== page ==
To learn more about giving Benadryl to dogs, watch this video. By Jessica Vogelsang, DVM

Benadryl, also known by its generic name diphenhydramine, is one of the few over-the-counter drugs that veterinarians routinely have owners administer at home.  While it is generally well tolerated and has a wide safety margin, there are a few things owners should keep in mind before dosing it at home:

1. What is Benadryl used for?

Benadryl is an antihistamine, blocking the H-1 receptors on smooth muscle and blood vessels. Some of its most common indications are the treatment of environmental allergies, allergic reactions to insect bites or stings, and pre-treatment of vaccine reactions. It also has some efficacy in the prevention of motion sickness in dogs and as a mild sedative.

2. When should I not use Benadryl?

Benadryl is contraindicated with certain conditions, such as pets with glaucoma, high blood pressure, and cardiovascular disease. It’s always best to contact your veterinarian for guidance before administering any medication to your pet, including Benadryl.

  1. How much Benadryl should I give?

The standard dosage for oral Benadryl is 1 mg per pound of body weight, given 2-3 times a day. Most drug store diphenhydramine tablets are 25 mg, which is the size used for a 25 pound dog. Always double check the dosage before giving an over the counter medication. In addition, many formulations are combined with other medications such as Tylenol so make sure Benadryl tablets contain only diphenhydramine.

  1. When should I contact my veterinarian?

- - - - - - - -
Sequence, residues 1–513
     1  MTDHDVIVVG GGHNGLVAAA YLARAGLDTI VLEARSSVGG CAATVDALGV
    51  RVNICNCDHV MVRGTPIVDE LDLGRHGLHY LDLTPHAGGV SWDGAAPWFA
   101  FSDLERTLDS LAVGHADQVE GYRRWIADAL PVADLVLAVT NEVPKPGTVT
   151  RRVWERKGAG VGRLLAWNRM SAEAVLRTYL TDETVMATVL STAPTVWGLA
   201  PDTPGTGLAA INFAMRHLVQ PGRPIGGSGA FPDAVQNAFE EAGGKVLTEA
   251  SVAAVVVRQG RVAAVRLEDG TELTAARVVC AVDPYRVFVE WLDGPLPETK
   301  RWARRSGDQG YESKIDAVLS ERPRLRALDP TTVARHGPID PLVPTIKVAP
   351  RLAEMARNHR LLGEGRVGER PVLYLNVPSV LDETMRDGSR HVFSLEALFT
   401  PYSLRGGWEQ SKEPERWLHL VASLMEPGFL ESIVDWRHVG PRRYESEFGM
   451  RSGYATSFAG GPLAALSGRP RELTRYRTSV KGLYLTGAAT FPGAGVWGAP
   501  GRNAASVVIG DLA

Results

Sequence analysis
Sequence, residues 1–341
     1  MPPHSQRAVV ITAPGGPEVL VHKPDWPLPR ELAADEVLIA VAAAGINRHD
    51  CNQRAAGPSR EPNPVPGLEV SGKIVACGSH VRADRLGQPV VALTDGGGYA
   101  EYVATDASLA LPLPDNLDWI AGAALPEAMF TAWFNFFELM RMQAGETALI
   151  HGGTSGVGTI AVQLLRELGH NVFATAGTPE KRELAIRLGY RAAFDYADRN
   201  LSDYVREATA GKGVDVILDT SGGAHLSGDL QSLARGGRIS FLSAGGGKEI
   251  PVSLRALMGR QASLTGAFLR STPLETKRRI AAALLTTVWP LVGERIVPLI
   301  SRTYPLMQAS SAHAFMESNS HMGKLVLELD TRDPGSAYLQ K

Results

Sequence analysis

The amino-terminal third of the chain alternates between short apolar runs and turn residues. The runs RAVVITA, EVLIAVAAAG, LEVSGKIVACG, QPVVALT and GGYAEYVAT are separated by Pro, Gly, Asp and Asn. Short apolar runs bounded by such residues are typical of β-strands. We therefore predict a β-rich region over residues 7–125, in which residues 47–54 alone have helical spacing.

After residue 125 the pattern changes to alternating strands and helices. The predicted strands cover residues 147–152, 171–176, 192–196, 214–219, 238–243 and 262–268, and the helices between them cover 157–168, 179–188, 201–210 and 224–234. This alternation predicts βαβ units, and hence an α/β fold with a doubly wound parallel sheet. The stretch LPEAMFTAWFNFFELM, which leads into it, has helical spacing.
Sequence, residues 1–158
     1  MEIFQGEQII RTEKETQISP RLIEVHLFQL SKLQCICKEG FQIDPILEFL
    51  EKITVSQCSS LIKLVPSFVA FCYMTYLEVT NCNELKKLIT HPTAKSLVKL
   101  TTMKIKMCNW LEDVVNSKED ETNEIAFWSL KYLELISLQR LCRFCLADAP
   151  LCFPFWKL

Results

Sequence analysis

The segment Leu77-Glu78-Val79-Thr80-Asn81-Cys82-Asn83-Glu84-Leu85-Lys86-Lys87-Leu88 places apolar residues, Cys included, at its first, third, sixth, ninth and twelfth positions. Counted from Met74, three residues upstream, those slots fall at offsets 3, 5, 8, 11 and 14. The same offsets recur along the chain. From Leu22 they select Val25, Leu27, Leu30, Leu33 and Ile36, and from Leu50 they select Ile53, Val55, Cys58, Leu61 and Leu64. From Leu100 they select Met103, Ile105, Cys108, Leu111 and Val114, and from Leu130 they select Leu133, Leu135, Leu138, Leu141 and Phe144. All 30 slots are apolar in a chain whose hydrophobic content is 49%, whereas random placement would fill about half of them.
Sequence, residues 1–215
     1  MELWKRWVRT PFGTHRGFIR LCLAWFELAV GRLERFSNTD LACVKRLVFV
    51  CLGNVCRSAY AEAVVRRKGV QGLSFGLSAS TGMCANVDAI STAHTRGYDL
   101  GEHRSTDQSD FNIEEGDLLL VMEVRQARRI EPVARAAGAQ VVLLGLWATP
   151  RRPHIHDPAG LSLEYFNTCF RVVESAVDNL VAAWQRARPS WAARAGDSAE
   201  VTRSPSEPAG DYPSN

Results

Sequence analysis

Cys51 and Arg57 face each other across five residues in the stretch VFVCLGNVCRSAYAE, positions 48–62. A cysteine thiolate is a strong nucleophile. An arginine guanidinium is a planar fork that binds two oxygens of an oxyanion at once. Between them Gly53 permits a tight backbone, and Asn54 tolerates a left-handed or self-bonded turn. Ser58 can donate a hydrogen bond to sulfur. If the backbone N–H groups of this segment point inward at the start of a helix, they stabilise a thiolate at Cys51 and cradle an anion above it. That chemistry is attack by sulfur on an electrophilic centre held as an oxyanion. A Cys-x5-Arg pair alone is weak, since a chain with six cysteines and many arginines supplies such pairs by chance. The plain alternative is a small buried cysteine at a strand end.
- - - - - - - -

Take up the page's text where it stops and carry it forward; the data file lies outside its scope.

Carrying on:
Oral Benadryl is considered a mild to moderately effective antihistamine. If a pet is having an acute allergic reaction with facial swelling or difficulty breathing, skip the oral medications and go straight to the vet. Many allergic diseases require a combination of medications and treatment of underlying infections; if your pet is not responding to the medication, talk to your vet for other options.

Saline Eye and Nose Drops

Uses: Rinses, moisturizes, and relieves congestion

Meeks says she uses children’s nose drops to help clear the upper airways of congested cats. Saline eye drops can also help relieve mild conjunctivitis and other eye irritations.

Dramamine

Uses: Relieves motion sickness and vertigo

Pets get dizzy too, Meeks says. Properly dosed Dramamine can help relieve the symptoms of carsickness and vertigo. The most common side effect is drowsiness, she says.

 Glucosamine, Chondroitin, and Omega-3 Fatty Acids

Uses: Improves joint health

These supplements can be administered to older or injured animals to help alleviate the pain caused by arthritis and other joint problems, Meeks says. There are little, if any, side effects, she says.

Hydrogen Peroxide

Uses: Emetic

Everyone’s favorite stinging antiseptic can also help induce vomiting in pets who have swallowed something they’re not supposed to, say a dog who just ate five chocolate bars. But call your vet first. You don’t always want to induce vomiting when a pet has eaten something dangerous. Batteries, among many other examples.